by Gayle Lynds: Would you mind spending a few months living in a mud hut — or perhaps the nightly ritual of putting on formal clothes to attend an embassy party with great booze and music in a foreign capitol?
How’s your physical conditioning, your eyesight, your temperament? Maybe you’re the kind of person who always has to use the same brand of toothpaste, or you insist on making your own from coconut oil and baking soda.
Since America’s 17 agencies of the intelligence community are much in the news these days, more people than ever are curious about the rigorous process of being accepted for training and those who graduate to become true professionals – resilient, resourceful, intelligent, and able to put up with physical discomfort and boredom, as well as times of high stress and danger.
Just for fun, here’s a reprise of ten questions that’ll give you a clue about how much you already know about the clandestine world in which spies thrive. The answers are at the very end, so enjoy yourself . . . but don’t peek ahead. Good spy, good spy.
1. Who or what is a Juliet spy?
a. A female operator who uses acting as a cover story.
b. A woman who has been tricked into working as a spy.
c. A female intelligence officer who seduces for her country.
d. A male intelligence officer who disguises himself as a woman.
2. In the United States, what is MI-6’s equivalent agency?
a. The NSA
b. The CIA
c. Army intelligence
d. The FBI
3. What is blowback?
a. An important event that happens behind an operative’s back, out of sight.
b. A lie that’s planted abroad but is accepted as truth when it blows back home.
c. Drugs given to someone who is being questioned.
d. A term from World War I that originally described a strong wind that blew carrier pigeons off course.
4. Who receives the U.S. President’s Daily Brief?
a. The laundry, for washing.
b. The press, so they can be kept up to date about the president’s schedule that day.
c. The White House staff, so they have their day’s assignments.
d. The president, vice president, and a hand-picked group of cabinet-level officials chosen by the president.
5. What is a covert action?
a. A mission designed to be so secret that it can’t be traced back to its sponsoring agency or country.
b. Anything underhanded or illegal that an intelligence officer does.
c. A hidden espionage agenda.
d. A clandestine romantic assignation between two spies.
6. What is the most popular dead drop location?
a. Train station locker
b. Under a bridge
c. A public bathroom
d. The underside of a mailbox
7. What is a penetration agent?
a. Special chemical used to make invisible ink readable
b. Undercover operative sent secretly into a group to collect information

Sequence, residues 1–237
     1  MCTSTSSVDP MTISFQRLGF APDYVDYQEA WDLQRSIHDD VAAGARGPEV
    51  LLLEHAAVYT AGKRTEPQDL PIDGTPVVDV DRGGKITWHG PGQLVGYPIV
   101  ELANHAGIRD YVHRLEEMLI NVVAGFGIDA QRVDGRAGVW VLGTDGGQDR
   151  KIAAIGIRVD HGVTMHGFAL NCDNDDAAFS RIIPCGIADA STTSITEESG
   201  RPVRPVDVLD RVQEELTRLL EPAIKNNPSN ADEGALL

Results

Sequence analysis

c. Spy who is particularly skilled at the technology of espionage
d. Accountant employed by an intelligence service to trace funds
8. Which vehicle is seldom used in surveillance?
c. Sports car
9. Who was Wild Bill Donovan?
a. Director of the OSS, which was the forerunner of the CIA
b. Inventor of a special radio transmitter distributed to European resistance groups in World War Two
c. Famous spymaster seen in a popular series of 1930s movies
d. CIA mole executed by the Soviets in 1981
10. If you use a legend to gain intel, what have you done?
a. Mined mythology for interesting anecdotes to distract those you need to deceive
b. Analyzed a historical event to understand a current problem
c. Exploited a celebrated person to help you accomplish your mission
d. Created or been given a false identity to go undercover
TRANSLATE YOUR SCORE!
10 correct = you’re ready to serve!
9 correct = you’re recruitable
6 correct = you’re a potential candidate
4 correct = you’re a nice person
2 correct = you’ve been living in a remote Peruvian jungle
0 correct = please get your pulse checked.
Darn, looks like I'm going to have to go to spy school. I'm right between potential and recruitable! What fun! Thanks for posting, Gayle!
You are totally recruitable, Robin, but that might distract you from writing your great thrillers. Stay at that desk, stay at that desk and writ! 🙂
Guess I'm not recruitable –only a potential candidate. I have to admit I got that first question wrong about a "Juliet" being someone who seduces others….I was thinking about Jay Matthews' thriller, RED SPARROW about a Russian agent who does just that. Perhaps the Russians call them Sparrows and we call them Juliets. Anyway – terrific post – I learned a lot. Then again, of course, YOU are the "spy master."
I used to have a running joke with a previous coworker when I wouldn't answer a question or do something it was because I was part of the Israeli Mossad and they were watching.
I've been reading too many spy novels. I got ten for ten. Wow!
Wow! I’m also only a potential candidate. Fun! I’m afraid, I’d be a picky spy. I hated working details where I had to blend in, by not washing my hair or clothes. Can I be a clean spy, please?